Last week I mentioned some of the music and sights associated with Christmas and want now to discuss some of the performing arts, TV programs and movies to continue raising our holiday spirits.
It’s been a few years since The Nutcracker, performed by the Moscow Ballet, appeared at the California Center for the Arts, Escondido. Just a magnificent and colorful joyful presentation along with the score from Tchaikovsky. It was perhaps 15 years ago that my granddaughters and I enjoyed the sights and sounds of this Escondido treat. Handel’s Messiah has also been presented here.
Another long-running show alas will not be presented this year at the CCAE due to CV-19. Carols by Candlelight is a great uplifting production the brainchild of current Poway Mayor Steve Vaus alias Buck Howdy. Every year using his connections with country music stars he put together a group of well-known and newcomer performers to the delight of two sold-out performances. The first CBC that I attended was opened by newcomer Sarah Evans who showed she had the talent that has taken her to be among the top in country music today. We should all look forward to a return next year.
Dickens’s “A Christmas Carol” is a perennial favorite and I am sure we have seen a few different versions but my favorite is the one starring Alastair Sim filmed in black and white which premiered in 1951. Another all-time favorite is “A Charlie Brown Christmas.” It’s one of those movies that is mentioned every year when describing a not so full Christmas tree. And how about “Rudolph the Red-Nosed Reindeer,” “Frosty The Snowman,” “How the Grinch Stole Christmas” and everyone’s favorite, “National Lampoons Christmas Vacation?” Today many people decorate to outdo Clark Griswold.
The other day I read about the City of San Diego’s efforts to house the homeless at the downtown Convention Center. Absolutely mind-boggling that they spent $5.7 million just in November. The total includes spending $915 per person for food. How much is your food bill for one person for one month in your household? Meals were no doubt catered by the French Laundry.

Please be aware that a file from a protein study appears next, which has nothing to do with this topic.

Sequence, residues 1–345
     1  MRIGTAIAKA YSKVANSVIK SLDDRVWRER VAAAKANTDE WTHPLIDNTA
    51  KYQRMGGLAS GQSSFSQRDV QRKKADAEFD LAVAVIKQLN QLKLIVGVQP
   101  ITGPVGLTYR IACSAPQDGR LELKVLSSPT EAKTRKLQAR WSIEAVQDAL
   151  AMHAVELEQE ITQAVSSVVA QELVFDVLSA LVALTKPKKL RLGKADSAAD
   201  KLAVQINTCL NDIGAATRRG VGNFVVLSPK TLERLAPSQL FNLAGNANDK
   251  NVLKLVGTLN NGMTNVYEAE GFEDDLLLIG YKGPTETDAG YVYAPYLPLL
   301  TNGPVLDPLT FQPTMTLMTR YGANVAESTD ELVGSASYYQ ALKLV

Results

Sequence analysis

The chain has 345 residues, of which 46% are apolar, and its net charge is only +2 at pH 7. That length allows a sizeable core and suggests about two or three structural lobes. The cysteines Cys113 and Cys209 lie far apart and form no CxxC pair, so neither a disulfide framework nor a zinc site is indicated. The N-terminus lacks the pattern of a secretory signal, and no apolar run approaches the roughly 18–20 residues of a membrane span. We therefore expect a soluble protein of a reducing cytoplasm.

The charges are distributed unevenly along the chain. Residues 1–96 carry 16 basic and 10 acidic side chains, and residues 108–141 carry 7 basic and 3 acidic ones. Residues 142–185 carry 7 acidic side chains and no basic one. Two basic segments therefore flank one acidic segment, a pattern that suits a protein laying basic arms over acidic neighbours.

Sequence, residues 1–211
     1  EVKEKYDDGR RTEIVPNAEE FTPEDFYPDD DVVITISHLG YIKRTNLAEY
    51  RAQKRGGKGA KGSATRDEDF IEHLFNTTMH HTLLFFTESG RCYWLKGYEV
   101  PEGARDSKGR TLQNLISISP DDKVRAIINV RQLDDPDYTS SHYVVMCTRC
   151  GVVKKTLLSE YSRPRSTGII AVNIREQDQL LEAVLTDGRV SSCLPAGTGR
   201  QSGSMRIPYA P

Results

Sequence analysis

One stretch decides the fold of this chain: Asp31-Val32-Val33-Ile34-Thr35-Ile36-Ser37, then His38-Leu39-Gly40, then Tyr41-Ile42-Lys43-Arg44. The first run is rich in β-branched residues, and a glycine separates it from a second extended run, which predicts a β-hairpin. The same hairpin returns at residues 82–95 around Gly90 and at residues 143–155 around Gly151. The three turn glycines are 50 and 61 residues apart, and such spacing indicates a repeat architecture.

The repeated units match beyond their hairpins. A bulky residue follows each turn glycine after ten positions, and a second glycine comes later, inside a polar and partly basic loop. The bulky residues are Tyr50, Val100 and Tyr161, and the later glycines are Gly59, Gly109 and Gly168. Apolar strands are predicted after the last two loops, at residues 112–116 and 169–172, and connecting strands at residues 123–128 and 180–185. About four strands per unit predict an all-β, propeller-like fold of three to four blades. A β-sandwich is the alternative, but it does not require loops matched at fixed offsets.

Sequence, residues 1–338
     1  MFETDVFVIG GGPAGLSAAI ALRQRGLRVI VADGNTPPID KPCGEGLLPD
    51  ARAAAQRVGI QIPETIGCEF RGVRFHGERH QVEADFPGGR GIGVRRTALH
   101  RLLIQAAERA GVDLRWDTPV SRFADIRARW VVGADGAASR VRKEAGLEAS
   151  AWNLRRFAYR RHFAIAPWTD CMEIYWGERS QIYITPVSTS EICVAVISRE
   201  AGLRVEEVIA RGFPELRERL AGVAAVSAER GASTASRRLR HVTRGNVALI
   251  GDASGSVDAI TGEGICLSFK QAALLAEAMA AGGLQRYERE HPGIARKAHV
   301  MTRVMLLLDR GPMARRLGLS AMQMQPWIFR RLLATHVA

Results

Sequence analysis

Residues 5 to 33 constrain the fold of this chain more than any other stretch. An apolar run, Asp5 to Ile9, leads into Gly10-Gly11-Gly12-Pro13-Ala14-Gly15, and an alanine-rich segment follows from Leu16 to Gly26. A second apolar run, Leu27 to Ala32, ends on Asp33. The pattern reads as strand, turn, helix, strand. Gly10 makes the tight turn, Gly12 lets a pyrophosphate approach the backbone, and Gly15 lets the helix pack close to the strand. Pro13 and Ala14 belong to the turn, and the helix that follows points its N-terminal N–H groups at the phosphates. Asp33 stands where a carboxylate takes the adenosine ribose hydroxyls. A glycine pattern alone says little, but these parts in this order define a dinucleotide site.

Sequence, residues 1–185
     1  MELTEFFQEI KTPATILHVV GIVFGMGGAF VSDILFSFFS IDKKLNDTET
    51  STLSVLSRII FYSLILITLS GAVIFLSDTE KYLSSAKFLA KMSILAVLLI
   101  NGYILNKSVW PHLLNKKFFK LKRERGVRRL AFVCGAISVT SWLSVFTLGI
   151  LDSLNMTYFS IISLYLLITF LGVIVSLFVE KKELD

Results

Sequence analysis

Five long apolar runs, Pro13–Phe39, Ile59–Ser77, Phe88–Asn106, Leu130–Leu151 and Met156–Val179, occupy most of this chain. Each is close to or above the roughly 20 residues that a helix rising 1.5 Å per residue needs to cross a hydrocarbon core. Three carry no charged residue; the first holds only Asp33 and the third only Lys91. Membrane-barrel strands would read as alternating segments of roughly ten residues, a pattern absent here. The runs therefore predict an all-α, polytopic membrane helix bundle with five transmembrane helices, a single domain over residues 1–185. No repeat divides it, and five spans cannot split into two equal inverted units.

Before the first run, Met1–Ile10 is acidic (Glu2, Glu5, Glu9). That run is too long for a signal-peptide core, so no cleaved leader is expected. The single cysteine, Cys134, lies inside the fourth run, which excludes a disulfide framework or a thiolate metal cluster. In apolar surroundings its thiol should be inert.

Last week we were alerted about high winds which raised the potential for electricity outages and fire danger. As you recall, I mentioned that the Santa Ana winds are a yearly occurrence. This led me to recall a quote no doubt from deep-sea fishermen. “Red sky at night, sailor’s delight. Red sky in the morning, sailor take warning.” And true to form we had brilliant red sunrises for two days followed by high winds during the day. Sometimes low tech is fine even though on short notice.
Recently I read a Facebook post by an Escondido resident after hearing a train horn late at night asking if there was a train through Escondido. My first thought was that this person must have moved here the day before. A train has been traveling during the daytime to the Escondido from Oceanside since December 1887. However, since the Sprinter began operations in 2008 the freight train had to change delivery time to after 10 p.m. making two trips a week. We have two large businesses that rely on timely delivery: Pine Tree Lumber and Vitagold Feed, that has been feeding chickens since 1919.
Of course, long gone is another delivery stop: Sunkist Packing, once the largest lemon packing plant in the country. The site is now occupied by the Barnes & Noble Center. Passenger trains also delivered visitors to Escondido by the thousands to enjoy the Escondido Grape Days and the second largest parade in Southern California with the Pasadena Parade of Roses being the largest. I live about two miles from the transit center and when the climate allows I can hear the horn, which by the way is federally mandated to be sounded at all crossings and reminds me of our agricultural history.
To close I wish you all a belated Happy Hanukkah, Happy Kwanza, Merry Christmas and let’s not forget the celebration heralded by a Seinfeld episode, Festivus for the rest of us. Stay well and enjoy your holiday as safe as you can. Oh, for all the gearheads V8HEMI1. Yes, it was a Dodge.